Data Portability and Interoperability: A Primer on Two Policy Tools for Regulation of Digitized Industries.
By Robert Seamans and Sukhi Gulati-Gilbert
Scholars and policymakers are excited by the prospect that digitization—the growing use of software across industries—can help boost economic growth in the U.S. and other countries (Furman and Seamans, 2019). However, some have expressed concern that increasing dominance by a few large companies in each sector of the economy means the gains from economic growth will not be equitably distributed. Competition policy—a set of regulations, laws, and other policies designed to lower barriers to entry, leading more firms to enter and compete in a market—may help to address the issue of increasing market dominance. The resulting competition between entrants and incumbent firms could potentially lead to lower prices and more innovative products and services, all of which benefits consumers.
There are a variety of competition policy tools available to policymakers, including sector-specific regulations (some of these are highlighted in President Biden’s “Promoting Competition in the American Economy” executive order) and the use of the Justice Department and the Federal Trade Commission (FTC) to block mergers and revisit past mergers (as the FTC is doing in its case against Facebook’s acquisition of Instagram and WhatsApp).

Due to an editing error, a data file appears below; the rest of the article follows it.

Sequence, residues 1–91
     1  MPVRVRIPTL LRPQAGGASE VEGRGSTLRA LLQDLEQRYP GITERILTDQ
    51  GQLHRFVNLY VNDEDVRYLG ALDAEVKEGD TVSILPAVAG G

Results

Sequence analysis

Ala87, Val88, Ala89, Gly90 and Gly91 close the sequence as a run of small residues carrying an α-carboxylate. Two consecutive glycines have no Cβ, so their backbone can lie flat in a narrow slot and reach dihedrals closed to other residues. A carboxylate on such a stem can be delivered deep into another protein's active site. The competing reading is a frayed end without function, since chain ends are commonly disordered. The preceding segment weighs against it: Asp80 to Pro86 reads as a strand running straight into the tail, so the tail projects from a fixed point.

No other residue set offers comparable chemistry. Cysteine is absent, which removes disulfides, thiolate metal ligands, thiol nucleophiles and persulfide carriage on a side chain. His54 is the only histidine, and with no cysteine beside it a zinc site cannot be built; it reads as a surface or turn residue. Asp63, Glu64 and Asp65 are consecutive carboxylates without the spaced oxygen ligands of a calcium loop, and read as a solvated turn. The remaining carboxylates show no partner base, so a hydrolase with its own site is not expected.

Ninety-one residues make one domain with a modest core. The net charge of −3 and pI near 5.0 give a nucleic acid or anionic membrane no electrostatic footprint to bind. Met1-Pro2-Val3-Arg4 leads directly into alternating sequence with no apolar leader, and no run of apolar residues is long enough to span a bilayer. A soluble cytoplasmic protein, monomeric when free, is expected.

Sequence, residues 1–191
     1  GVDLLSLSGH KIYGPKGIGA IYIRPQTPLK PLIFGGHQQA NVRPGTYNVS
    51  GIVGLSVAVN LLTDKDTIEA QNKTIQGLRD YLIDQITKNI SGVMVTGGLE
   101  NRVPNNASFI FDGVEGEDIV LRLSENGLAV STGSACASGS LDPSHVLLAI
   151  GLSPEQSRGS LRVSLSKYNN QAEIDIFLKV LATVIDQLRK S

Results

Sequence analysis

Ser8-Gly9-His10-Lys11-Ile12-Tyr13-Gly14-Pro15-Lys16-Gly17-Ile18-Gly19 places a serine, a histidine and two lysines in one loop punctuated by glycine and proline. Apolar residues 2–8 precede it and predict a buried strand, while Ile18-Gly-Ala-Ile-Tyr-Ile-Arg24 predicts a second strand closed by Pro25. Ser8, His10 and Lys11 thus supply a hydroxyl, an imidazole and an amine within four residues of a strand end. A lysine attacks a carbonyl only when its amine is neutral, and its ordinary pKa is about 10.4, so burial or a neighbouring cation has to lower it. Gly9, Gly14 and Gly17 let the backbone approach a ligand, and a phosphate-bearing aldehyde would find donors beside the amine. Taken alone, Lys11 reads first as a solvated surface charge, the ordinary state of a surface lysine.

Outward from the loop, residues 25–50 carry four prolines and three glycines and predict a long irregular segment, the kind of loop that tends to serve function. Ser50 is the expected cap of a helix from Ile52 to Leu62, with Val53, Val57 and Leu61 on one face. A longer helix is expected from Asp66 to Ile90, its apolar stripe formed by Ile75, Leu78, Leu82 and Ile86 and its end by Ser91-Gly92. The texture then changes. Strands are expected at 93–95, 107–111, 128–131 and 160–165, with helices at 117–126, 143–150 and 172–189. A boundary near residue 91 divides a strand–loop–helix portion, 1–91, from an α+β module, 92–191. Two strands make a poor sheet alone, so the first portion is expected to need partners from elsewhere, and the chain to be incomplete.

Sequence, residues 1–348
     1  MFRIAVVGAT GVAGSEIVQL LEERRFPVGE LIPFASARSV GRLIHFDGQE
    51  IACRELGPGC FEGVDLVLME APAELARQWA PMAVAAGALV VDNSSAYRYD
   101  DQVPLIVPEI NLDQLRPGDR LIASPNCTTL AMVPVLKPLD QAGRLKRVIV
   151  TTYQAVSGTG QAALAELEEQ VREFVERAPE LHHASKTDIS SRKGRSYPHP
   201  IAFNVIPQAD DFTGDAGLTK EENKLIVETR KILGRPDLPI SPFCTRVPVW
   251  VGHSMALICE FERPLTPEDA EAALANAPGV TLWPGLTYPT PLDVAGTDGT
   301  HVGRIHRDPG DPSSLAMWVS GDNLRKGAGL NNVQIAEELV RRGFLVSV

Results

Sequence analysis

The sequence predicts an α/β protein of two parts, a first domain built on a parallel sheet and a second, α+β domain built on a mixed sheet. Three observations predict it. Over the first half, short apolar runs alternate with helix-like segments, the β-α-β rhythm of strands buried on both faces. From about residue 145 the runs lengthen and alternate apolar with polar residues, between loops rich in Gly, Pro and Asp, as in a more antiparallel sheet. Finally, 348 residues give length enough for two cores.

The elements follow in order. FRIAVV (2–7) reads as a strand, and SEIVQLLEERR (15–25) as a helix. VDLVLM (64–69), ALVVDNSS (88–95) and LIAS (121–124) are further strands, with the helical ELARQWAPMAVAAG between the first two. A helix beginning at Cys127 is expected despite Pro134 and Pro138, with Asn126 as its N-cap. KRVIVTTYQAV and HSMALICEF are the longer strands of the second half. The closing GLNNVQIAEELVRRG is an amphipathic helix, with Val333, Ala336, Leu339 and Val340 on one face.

In this article we describe two other tools, data portability and interoperability, that may be particularly useful in technology-enabled sectors. Data portability allows users to move data from one company to another, helping to reduce switching costs and providing rival firms with access to valuable customer data. Interoperability allows two or more technical systems to exchange data interactively. Due to its interactive nature, interoperability can help prevent lock-in to a specific platform by allowing users to connect across platforms. Data portability and interoperability share some similarities; in addition to potential pro-competitive benefits, the tools promote values of openness, transparency, and consumer choice.
Read the full Brookings article.
Robert Seamans is Associate Professor of Management and Organizations and Director of the Center for the Future of Management